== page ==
Isle of Man and Wester Ross join Biosphere Reserve network

UNESCO has awarded Biosphere Reserve status to Wester Ross in Scotland’s North West Highlands and the whole of the Isle of Man, including its territorial waters.  The two new sites join a dynamic UK network of Biosphere Reserves within a global network of 669 Reserves across 120 countries worldwide.

Professor Martin Price, Chair of the UK Man and Biosphere Committee who is based at the University of the Highlands and Islands, said:

“I am very glad that we now have six Biosphere Reserves that conform to UNESCO’s strict criteria.  The nominations of both Wester Ross and the Isle of Man resulted from participatory processes which showed strong local support for UNESCO designation.  Now that they are Biosphere Reserves, I am sure that this support, based in a clear sense of local identity, will ensure that they truly become sites of excellence for sustainable development and conservation”.

Dr Beth Taylor, the UKNC’s Non-Executive Director for the Natural Sciences, added:

“Biosphere Reserves set the gold standard we should be aiming for as a country in the light of the Sustainable Development Goals agreed by the UN last autumn.  I am very proud to see the UK network expanding, and hope to see great achievements by Wester Ross and the Isle of Man in the coming years”.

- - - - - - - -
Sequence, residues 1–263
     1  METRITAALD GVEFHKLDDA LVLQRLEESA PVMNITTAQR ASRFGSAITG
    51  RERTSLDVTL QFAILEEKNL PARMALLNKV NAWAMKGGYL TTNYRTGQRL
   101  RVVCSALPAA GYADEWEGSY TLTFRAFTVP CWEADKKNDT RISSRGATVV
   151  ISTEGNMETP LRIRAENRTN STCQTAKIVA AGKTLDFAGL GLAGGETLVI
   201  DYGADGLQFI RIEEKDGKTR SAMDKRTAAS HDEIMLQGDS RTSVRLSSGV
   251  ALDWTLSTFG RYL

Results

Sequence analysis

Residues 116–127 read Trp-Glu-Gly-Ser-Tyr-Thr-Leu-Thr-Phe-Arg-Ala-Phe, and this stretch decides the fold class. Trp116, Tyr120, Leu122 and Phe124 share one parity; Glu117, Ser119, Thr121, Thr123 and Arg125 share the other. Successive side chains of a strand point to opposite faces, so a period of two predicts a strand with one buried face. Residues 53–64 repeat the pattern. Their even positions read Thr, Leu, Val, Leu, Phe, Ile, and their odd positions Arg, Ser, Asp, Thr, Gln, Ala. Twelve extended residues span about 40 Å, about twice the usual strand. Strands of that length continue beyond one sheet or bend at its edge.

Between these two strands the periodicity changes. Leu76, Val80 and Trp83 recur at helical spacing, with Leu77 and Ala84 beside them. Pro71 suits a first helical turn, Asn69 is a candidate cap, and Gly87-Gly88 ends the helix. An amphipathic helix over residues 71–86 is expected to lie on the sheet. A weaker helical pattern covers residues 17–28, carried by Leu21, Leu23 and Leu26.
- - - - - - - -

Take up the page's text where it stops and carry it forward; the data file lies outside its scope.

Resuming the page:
Biosphere Reserves are model regions for sustainable development and test sites for conservation approaches where communities collaborate to live in harmony with their environment. They are the world’s only internationally-recognised ‘badge’ for demonstrating excellence in sustainable development.

Wester Ross

The newly-designated area of Wester Ross extends from the tip of Knoydart northwards to Achiltibuie and the Summer Isles, including population centres in Kyle of Lochalsh, Lochcarron, Gairloch and Ullapool. The new designation replaces an earlier Biosphere Reserve designation for Beinn Eighe National Nature Reserve – a much smaller area that was managed solely for nature conservation, research and education.  The UNESCO Biosphere Reserve criteria were changed in the 1990s to provide greater focus on people’s relationship with the environment, prompting a reapplication to the network for the wider area of Wester Ross.

Isle of Man

The Isle of Man is the first entire jurisdiction to receive UNESCO Biosphere Reserve status. As a Crown Dependency of the UK, the Isle of Man was supported through the rigorous application process by the UK Man and Biosphere Committee in cooperation with the UK National Commission for UNESCO.